- A religious movement founded in the early nineteenth century by Kurozumi, Munetada (1780-1850). The group had a precarious existence as a new religion, but Kurozumi's successors supported early Meiji attempts to create a state religion, the 'great teaching' (taikyo) and the movement was granted official status in 1876 as 'Shinto kurozumi-ha'. The movement teaches that Amaterasu pervades a vitalistic universe and that devotees should seek to imbibe for themselves the great source of life (dai-seimei). Though an independent religion with distinctive teachings more akin to those of other new religions than jinja shinto, Kurozumi-kyo preserves a 'Shinto' identity through its devotion to Amaterasu and the posthumous designation of Munetada as a daimyojin ('great kami') by the Yoshida priestly administration just before the Meiji restoration.See Kyoha Shinto.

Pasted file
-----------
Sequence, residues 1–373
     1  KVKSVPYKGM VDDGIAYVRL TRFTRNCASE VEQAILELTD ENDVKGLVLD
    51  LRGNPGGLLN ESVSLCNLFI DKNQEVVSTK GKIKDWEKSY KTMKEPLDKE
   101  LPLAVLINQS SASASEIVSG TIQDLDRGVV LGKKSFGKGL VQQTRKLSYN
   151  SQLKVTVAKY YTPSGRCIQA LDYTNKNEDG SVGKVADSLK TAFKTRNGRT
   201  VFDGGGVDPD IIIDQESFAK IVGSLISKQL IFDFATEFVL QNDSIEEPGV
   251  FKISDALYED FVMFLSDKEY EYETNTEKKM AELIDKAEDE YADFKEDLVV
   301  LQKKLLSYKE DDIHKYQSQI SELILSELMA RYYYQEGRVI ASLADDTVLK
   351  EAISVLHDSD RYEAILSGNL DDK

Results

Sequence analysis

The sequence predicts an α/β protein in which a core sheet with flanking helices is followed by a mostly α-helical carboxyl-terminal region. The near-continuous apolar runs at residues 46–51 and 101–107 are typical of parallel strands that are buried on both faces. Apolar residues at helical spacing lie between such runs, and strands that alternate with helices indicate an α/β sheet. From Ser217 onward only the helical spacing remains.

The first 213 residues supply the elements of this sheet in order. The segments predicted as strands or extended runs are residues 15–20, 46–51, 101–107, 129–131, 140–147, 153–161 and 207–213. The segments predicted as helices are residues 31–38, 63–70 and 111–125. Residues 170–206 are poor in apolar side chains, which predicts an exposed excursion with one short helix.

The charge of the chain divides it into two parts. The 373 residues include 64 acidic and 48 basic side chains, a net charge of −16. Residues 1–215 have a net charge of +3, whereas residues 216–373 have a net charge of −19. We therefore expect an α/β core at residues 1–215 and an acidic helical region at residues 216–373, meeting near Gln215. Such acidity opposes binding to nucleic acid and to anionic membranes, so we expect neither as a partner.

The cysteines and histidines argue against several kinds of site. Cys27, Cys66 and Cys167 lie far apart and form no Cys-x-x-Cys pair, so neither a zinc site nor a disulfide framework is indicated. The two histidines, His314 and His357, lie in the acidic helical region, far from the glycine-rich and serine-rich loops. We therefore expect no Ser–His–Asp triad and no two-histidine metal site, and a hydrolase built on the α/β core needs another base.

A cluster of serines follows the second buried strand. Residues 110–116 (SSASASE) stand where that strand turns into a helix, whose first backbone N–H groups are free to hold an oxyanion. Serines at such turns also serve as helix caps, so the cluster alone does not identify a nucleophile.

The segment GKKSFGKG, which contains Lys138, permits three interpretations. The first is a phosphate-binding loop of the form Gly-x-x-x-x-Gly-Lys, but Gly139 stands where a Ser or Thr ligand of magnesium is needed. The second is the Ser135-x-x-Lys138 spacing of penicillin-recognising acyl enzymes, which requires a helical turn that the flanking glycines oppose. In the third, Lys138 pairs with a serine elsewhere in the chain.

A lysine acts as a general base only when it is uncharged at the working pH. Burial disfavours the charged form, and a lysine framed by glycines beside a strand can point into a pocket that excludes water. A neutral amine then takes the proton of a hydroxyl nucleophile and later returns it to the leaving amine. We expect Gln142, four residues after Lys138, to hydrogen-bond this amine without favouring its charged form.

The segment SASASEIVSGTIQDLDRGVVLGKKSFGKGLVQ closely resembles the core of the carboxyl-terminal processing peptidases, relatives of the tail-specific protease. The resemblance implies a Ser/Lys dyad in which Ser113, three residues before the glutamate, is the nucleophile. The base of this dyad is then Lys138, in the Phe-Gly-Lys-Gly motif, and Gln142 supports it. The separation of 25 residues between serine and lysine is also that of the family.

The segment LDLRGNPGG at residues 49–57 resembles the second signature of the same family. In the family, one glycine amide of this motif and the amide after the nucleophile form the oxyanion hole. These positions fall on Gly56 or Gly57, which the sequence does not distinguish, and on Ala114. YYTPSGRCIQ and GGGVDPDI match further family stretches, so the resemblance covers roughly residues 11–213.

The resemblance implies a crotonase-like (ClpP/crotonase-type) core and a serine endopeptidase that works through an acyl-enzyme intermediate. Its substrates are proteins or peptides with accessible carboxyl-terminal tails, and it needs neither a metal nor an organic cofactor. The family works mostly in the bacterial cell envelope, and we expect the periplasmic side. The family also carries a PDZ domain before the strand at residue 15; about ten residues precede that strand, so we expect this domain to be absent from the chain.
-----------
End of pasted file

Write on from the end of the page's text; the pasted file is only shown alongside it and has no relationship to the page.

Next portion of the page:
A Popular Dictionary of Shinto. Brian Bocking.